Subject(s)
Anxiety Disorders/epidemiology , Anxiety/epidemiology , COVID-19/epidemiology , Depression/epidemiology , Pandemics , Stress, Psychological/epidemiology , Adolescent , Adult , Aged , Aged, 80 and over , Aging/psychology , Canada/epidemiology , Cross-Sectional Studies , Female , Humans , Internet Use/statistics & numerical data , Male , Middle Aged , Substance-Related Disorders/epidemiology , Young Adult
11.
Int J Obes (Lond) ; 45(3): 677-686, 2021 03.
Article in English | MEDLINE | ID: covidwho-1047946

ABSTRACT

OBJECTIVE: The novel coronavirus disease 2019 (COVID-19) pandemic, and its resulting social policy changes may result in psychological distress among schoolchildren with overweight. This study thus aimed to (1) compare psychological distress (including fear of COVID-19 infection, stress, anxiety, and depression), perceived weight stigma, and problematic internet-related behaviors between schoolchildren with and without overweight; (2) assess whether perceived weight stigma and problematic internet-related behaviors explained psychological distress. METHODS: Schoolchildren (n = 1357; mean age = 10.7 years) with overweight (n = 236) and without overweight (n = 1121) completed an online survey assessing their fear of COVID-19 infection, stress, anxiety, depression, perceived weight stigma, problematic smartphone application use, problematic social media use, and problematic gaming. RESULTS: Schoolchildren with overweight had significantly higher levels of COVID-19 infection fear, stress, depression, perceived weight stigma, and problematic social media use than those without overweight. Regression models showed that perceived weight stigma and problematic internet-related behaviors were significant predictors of psychological distress among schoolchildren with overweight. CONCLUSION: Strategies to manage perceived weight stigma and problematic internet-related behaviors may have a positive influence on mental health among schoolchildren with overweight under health-threatening circumstances, such as the current COVID-19 pandemic.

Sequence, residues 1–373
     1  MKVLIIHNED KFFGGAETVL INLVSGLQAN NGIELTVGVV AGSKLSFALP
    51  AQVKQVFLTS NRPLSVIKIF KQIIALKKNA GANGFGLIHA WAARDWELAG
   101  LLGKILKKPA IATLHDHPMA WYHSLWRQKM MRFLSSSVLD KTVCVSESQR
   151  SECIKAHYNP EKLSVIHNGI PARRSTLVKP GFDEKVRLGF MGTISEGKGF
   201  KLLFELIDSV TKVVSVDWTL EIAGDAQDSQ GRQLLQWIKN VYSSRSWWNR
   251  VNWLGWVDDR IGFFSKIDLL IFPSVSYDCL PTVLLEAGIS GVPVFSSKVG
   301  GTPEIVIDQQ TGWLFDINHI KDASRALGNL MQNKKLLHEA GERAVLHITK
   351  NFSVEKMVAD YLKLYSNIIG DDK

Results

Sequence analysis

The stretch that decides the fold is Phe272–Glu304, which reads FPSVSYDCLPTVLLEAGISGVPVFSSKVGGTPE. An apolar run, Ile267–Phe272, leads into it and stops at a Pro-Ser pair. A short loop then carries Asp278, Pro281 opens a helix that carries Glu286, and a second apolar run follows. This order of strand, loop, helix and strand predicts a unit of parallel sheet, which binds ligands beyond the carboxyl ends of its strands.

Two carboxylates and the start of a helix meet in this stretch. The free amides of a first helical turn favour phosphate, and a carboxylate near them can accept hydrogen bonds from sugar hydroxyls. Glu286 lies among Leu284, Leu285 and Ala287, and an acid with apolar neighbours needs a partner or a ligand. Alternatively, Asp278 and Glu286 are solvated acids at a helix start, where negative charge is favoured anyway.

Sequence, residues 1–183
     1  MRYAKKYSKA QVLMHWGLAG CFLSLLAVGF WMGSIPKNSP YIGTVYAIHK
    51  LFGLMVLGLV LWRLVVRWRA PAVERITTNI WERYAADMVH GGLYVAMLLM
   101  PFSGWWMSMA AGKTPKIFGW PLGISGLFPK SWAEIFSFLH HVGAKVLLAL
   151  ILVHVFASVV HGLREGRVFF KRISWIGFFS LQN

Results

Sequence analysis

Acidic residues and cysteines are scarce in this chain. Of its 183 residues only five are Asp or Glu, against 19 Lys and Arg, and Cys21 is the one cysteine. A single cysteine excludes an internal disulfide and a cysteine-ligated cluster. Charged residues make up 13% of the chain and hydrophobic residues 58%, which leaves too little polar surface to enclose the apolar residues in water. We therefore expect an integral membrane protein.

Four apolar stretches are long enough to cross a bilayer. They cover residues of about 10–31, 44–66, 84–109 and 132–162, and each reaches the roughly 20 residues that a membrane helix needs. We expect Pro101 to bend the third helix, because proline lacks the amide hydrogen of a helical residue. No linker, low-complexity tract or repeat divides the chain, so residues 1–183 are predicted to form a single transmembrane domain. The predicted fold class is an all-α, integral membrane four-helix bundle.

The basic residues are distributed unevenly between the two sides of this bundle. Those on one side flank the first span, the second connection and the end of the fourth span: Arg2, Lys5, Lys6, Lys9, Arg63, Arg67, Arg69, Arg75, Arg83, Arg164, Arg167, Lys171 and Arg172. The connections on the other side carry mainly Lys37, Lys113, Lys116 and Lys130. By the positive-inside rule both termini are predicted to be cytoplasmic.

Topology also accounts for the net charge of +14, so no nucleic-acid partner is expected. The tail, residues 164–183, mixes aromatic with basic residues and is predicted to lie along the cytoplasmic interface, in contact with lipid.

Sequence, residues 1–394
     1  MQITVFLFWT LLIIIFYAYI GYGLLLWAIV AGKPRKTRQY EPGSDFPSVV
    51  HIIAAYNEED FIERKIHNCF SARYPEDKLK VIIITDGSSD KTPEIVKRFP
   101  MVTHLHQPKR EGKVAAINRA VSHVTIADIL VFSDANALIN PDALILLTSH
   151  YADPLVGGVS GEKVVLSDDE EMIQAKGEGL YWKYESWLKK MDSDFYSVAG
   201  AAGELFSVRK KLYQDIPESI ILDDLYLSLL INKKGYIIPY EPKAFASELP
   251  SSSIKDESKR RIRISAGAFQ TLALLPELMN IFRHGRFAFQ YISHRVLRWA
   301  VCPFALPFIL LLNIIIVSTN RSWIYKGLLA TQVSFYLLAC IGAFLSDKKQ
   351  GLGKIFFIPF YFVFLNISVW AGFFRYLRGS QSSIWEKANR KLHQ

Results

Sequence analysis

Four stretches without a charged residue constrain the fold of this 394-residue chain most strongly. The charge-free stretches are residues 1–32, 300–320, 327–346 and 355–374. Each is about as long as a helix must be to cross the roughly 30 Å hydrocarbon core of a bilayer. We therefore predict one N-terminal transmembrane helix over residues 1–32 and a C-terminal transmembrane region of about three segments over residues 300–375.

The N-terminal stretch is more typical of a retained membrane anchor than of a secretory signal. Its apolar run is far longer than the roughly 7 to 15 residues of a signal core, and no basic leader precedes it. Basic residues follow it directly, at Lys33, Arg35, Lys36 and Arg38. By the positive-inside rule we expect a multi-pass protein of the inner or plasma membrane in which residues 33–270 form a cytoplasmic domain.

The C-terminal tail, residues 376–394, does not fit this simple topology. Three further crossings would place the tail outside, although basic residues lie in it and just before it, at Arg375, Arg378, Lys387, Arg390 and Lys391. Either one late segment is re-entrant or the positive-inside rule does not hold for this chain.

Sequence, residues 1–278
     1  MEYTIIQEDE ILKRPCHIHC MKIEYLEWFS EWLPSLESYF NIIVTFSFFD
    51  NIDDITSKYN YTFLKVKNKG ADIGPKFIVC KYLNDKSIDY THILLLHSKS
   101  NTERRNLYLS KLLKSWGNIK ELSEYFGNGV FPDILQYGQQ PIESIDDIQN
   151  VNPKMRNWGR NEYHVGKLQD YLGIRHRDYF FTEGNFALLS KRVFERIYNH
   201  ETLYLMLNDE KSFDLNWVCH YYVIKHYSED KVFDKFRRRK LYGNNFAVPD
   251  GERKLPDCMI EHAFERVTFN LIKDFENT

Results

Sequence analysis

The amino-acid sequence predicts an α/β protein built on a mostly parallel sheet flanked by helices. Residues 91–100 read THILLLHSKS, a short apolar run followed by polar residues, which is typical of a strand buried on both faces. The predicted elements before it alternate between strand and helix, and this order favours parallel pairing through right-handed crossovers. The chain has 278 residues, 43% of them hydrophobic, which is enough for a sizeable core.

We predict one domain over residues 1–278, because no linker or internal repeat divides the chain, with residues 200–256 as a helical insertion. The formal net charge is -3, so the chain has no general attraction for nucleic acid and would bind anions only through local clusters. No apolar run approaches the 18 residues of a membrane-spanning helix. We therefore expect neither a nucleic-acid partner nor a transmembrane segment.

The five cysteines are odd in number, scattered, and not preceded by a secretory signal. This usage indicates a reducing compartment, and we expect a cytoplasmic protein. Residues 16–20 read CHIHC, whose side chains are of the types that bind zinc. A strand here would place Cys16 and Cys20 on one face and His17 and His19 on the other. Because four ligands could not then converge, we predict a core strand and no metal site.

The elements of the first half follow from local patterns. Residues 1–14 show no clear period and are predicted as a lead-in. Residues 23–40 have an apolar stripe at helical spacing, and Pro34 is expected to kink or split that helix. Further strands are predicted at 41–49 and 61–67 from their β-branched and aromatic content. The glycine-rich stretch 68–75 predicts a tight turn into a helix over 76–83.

Subject(s)
COVID-19 , Internet Use/statistics & numerical data , Overweight , Psychological Distress , Students , Adolescent , Child , China/epidemiology , Cross-Sectional Studies , Female , Humans , Male , Overweight/epidemiology , Overweight/psychology , Stress, Psychological/epidemiology , Students/psychology , Students/statistics & numerical data
12.
Front Public Health ; 8: 609347, 2020.
Article in English | MEDLINE | ID: covidwho-1005863

ABSTRACT